Comparing the Delivery Cross-boundary Transport Services at Different Levels of Governance ? an Examination of Cross-boundary Services in Northern Europe and United States Metropolitan Public Transport Operations
J Crocker, Atlanta Transit Planning Board, US
This paper examines whether there are similar organizational arrangements that govern cross-boundary at different levels of governance by comparing operations on the PBKAL axis of the TEN-T and public transport operations in US metropolitan areas.
With the near completion of the High-Speed Train (HST) network in northwestern Europe ? specifically the Paris-Brussels-Koln-Amsterdam Axis of the TEN-T ? international high speed rail services such as Thalys and Eurostar are now familiar elements in the transport landscape. In the United States, as metropolitan areas have grown, they have come to cross county and state boundaries that traditionally define service areas for public transport operations requiring new types of cross boundaries services to be provided. Both of these types of services involve the crossing of a political boundary that has traditionally defined the reach of transport operations ? international borders in the case northwestern Europe and local county and state boundaries for the United States public transport operations. In many cases, the operators of these services also do not control the infrastructure upon which they are providing the transport service. Additionally, travelers on these services do not notice that transition from one political jurisdiction to the other, creating a sense a completely integrated transport network. A question arises that even though the HST crosses international boundaries and public transport operations cross more local boundaries, are there similar types of arrangements involved in the control and management of these services, despite the different responsibilities between nation states and local governments?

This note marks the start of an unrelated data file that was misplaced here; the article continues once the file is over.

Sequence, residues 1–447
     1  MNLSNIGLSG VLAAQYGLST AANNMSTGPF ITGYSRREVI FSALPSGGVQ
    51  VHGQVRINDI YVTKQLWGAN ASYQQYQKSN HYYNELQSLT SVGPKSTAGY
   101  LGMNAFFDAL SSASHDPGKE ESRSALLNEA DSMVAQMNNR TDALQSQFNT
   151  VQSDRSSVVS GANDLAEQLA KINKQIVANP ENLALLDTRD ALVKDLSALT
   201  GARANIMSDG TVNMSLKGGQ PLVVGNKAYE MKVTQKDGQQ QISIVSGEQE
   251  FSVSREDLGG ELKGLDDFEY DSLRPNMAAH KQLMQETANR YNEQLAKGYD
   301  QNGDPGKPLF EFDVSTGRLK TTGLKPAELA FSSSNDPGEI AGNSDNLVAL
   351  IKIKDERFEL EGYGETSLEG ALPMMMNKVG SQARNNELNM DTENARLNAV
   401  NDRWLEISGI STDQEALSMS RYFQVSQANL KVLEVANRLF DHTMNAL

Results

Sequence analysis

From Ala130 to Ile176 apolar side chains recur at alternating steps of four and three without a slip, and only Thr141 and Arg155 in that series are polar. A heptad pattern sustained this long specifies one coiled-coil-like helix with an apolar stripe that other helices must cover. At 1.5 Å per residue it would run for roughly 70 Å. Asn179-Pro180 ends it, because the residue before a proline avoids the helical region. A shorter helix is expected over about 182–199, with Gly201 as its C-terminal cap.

Through an examination of international high-speed rail services operating in Belgium, specifically services operated by Thalys, Eurostar, SNCF, DB, and the future HSA, and inter-regional bus and rail public transport operations in Seattle, Dallas, northern Indiana, and New England in the United States, the author shows that there are similar organizational arrangements that govern the management and control of cross-boundary transport operations at different levels of governance. These results suggest that transport policy planners in Europe can draw upon the wealth of research done on provision of regional public transport in the United States when developing proposals for new international services and that United States metropolitan areas can draw upon the experiences of the European Union when developing new regional public transport services that cross local political boundaries.
Association for European Transport